• Despite making up 12% of the department, Black officers were the subject of 14% of the hearings.
  • Filipino officers were the subject of 3% of the hearings, despite making up only 2% of the department.

On average, 85% of the 282 officers sent to disciplinary hearings were found guilty:

  • Black officers were found guilty 88% of the time.
  • Hispanic officers were found guilty 88% of the time.
  • White officers were found guilty 82% of the time.

Of the 282 officers sent to hearings, 62% of them were fired:

  • Filipino officers were fired 80% of the time.
  • Asian officers were fired 67% of the time.
  • Black officers were fired 64% of the time
  • Hispanic officers were fired 64% of the time.
  • White officers were fired 55% of the time.



LAPD promised change

The 2014 report ended with six recommendations:

  1. The department needed to update the guides management used to conduct investigations and discipline; complete unfinished guidelines for issuing reprimands; and train managers in all these areas.
  2. The department needed a uniform “penalty guide” to make punishments consistent.
  3. Those involved in the hearing process needed more training to make the process as fair and consistent as possible; including updated manuals, updating training; and clarifying expectations.
  4. The department should track disciplinary data for possible bias and create an anti-nepotism policy.
  5. Staff should be educated on the disciplinary process, including providing data on disciplinary actions and the department demographics.
  6. Prioritize disciplinary investigations and make sure complaints against staff were handled appropriately.

All of the recommendations have been adopted, according to LAPD spokesperson Rosario Cervantes, other than replacing reprimand guidelines with settlement guidelines.

‘Much more can be done’

Things changed even more after the 2019 adoption of civilian hearing panels for LAPD disciplinary matters. A November 2022 report by the LAPD suggested the panel may be more lenient than when it was staffed by law enforcement personnel.

Things are better under the new system, according to Tom Saggau, spokesman for the Los Angeles Police Protective League.

“A chief would tell the panel, ‘If I send someone to you to be terminated, by God, you’re going to terminate them,’ ” Saggau said.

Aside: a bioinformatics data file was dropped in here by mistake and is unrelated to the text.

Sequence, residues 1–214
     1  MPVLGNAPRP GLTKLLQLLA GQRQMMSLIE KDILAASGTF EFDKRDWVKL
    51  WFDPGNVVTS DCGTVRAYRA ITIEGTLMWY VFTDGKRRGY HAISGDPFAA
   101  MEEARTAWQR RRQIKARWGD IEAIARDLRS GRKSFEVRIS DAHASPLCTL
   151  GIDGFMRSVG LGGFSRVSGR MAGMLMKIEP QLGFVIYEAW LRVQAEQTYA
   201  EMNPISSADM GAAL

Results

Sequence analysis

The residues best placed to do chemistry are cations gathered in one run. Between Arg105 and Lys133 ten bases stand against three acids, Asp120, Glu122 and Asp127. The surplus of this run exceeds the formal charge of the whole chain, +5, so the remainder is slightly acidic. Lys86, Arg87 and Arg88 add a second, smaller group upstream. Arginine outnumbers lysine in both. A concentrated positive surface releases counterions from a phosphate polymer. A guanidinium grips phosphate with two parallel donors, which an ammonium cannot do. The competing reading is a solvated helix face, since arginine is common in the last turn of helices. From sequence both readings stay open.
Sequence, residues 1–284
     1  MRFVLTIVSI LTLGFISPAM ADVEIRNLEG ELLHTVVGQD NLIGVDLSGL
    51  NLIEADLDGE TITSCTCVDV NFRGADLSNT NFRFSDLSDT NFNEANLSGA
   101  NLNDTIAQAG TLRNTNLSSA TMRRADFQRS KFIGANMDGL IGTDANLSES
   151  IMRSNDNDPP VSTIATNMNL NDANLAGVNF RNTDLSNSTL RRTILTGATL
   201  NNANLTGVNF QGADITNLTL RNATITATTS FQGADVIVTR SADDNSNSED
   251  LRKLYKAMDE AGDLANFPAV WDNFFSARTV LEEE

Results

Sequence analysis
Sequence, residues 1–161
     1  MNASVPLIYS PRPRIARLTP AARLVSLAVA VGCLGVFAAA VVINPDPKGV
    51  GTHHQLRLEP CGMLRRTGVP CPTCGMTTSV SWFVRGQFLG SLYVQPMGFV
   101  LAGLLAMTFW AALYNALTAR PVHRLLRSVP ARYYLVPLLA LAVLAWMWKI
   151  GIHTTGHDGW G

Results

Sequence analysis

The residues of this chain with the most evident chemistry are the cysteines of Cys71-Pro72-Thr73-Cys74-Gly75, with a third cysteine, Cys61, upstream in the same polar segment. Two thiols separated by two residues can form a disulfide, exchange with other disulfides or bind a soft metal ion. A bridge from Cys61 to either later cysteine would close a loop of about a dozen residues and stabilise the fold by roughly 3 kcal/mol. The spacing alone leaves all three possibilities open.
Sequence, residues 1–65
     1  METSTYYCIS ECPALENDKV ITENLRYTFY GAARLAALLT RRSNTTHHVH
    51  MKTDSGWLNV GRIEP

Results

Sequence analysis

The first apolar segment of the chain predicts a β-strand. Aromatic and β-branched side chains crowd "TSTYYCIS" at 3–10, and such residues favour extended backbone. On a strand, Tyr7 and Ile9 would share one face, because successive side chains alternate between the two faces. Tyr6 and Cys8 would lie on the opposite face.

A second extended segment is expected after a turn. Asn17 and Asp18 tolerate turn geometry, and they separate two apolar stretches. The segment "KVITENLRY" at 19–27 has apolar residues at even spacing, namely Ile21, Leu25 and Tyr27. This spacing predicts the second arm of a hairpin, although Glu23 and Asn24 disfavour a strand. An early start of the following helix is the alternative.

Things have changed, he said. The panel is “not being told ‘You have to decide X,’ ” he added. “And that (did) happen; it’s well-documented.”

But Saggau would like to see more reforms. He wants accused officers to be able to present their side when the initial decision is made to send a case to a disciplinary hearing.

“There’s no opportunity for the officer to say ‘Whoa, wait a minute, you need to consider this and that and the other,’ ” Saggau said. “In those five minutes, decisions are made that can influence someone’s entire life.”

Former LAPD Deputy Chief Stephen Downing, a longtime critic of law enforcement, said the work isn’t finished, either within the department or in the larger law enforcement community.

“These biases still exist. But is it better than it was nine years ago? I have to say yes, because people are working at it,” he said. “I think, frankly, much more can be done.”

Downing pointed to discrimination lawsuits brought by Black LAPD officers.

“We’ve seen them win in court or we’ve seen the city settle those lawsuits,” he said.

Still, Downing believes LAPD has worked to improve things, noting that the department has Black women at every rank in the force now.

“Now, you move next door to the city I live in, Long Beach … the total number of African-American women in Long Beach (police) is five,” he said.

According to data released by the Long Beach Police Department to this news organization in 2022, only 1% of the department’s 600 officers were Black women. Black men made up 5% of the department’s force. According to the 2020 U.S. Census, 12% of Long Beach’s population is Black. The Long Beach department promoted a Black woman to the rank of sergeant for the first time in its 135-history in September 2022.

“Is there bias in the system still? I think the answer has to be yes, because bias remains in our society,” Downing said.

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Source: Orange County Register